Five-month-old infants' identification of the sources of vocalizations

Athena Vouloumanos, Madelynn J. Druhen, Marc D. Hauser, Anouk T. Huizink

Research output: Contribution to journalArticle

Abstract

Humans speak, monkeys grunt, and ducks quack. How do we come to know which vocalizations animals produce? Here we explore this question by asking whether young infants expect humans, but not other animals, to produce speech, and further, whether infants have similarly restricted expectations about the sources of vocalizations produced by other species. Five-month-old infants matched speech, but not human nonspeech vocalizations, specifically to humans, looking longer at static human faces when human speech was played than when either rhesus monkey or duck calls were played. They also matched monkey calls to monkey faces, looking longer at static rhesus monkey faces when rhesus monkey calls were played than when either human speech or duck calls were played. However, infants failed to match duck vocalizations to duck faces, even though infants likely have more experience with ducks than monkeys. Results show that by 5 months of age, human infants generate expectations about the sources of some vocalizations, mapping human faces to speech and rhesus faces to rhesus calls. Infants' matching capacity does not appear to be based on a simple associative mechanism or restricted to their specific experiences. We discuss these findings in terms of how infants may achieve such competence, as well as its specificity and relevance to acquiring language.

Original languageEnglish (US)
Pages (from-to)18867-18872
Number of pages6
JournalProceedings of the National Academy of Sciences of the United States of America
Volume106
Issue number44
DOIs
StatePublished - Nov 3 2009

Fingerprint

Ducks
Haplorhini
Macaca mulatta
Animal Vocalization
Mental Competency
Language

Keywords

  • Cognitive development
  • Conspecific
  • Evolution
  • Language acquisition
  • Speech perception

ASJC Scopus subject areas

  • General

Cite this

Five-month-old infants' identification of the sources of vocalizations. / Vouloumanos, Athena; Druhen, Madelynn J.; Hauser, Marc D.; Huizink, Anouk T.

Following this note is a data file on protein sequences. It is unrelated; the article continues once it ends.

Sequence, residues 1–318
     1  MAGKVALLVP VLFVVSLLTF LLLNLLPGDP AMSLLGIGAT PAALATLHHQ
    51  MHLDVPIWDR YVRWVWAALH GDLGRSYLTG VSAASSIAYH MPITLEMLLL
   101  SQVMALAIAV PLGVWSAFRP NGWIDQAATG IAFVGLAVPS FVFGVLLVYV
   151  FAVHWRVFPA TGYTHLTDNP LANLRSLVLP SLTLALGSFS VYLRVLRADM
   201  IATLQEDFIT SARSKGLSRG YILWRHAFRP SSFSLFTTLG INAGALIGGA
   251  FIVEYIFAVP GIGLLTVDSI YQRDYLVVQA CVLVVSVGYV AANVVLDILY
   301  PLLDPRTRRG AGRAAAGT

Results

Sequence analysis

In: Proceedings of the National Academy of Sciences of the United States of America, Vol. 106, No. 44, 03.11.2009, p. 18867-18872.

Research output: Contribution to journalArticle

Vouloumanos, Athena ; Druhen, Madelynn J. ; Hauser, Marc D. ; Huizink, Anouk T. / Five-month-old infants' identification of the sources of vocalizations. In: Proceedings of the National Academy of Sciences of the United States of America. 2009 ; Vol. 106, No. 44. pp. 18867-18872.
@article{3cfd148f67254396826b8a992b95c17e,
title = "Five-month-old infants' identification of the sources of vocalizations",
abstract = "Humans speak, monkeys grunt, and ducks quack. How do we come to know which vocalizations animals produce? Here we explore this question by asking whether young infants expect humans, but not other animals, to produce speech, and further, whether infants have similarly restricted expectations about the sources of vocalizations produced by other species. Five-month-old infants matched speech, but not human nonspeech vocalizations, specifically to humans, looking longer at static human faces when human speech was played than when either rhesus monkey or duck calls were played. They also matched monkey calls to monkey faces, looking longer at static rhesus monkey faces when rhesus monkey calls were played than when either human speech or duck calls were played. However, infants failed to match duck vocalizations to duck faces, even though infants likely have more experience with ducks than monkeys. Results show that by 5 months of age, human infants generate expectations about the sources of some vocalizations, mapping human faces to speech and rhesus faces to rhesus calls. Infants' matching capacity does not appear to be based on a simple associative mechanism or restricted to their specific experiences. We discuss these findings in terms of how infants may achieve such competence, as well as its specificity and relevance to acquiring language.",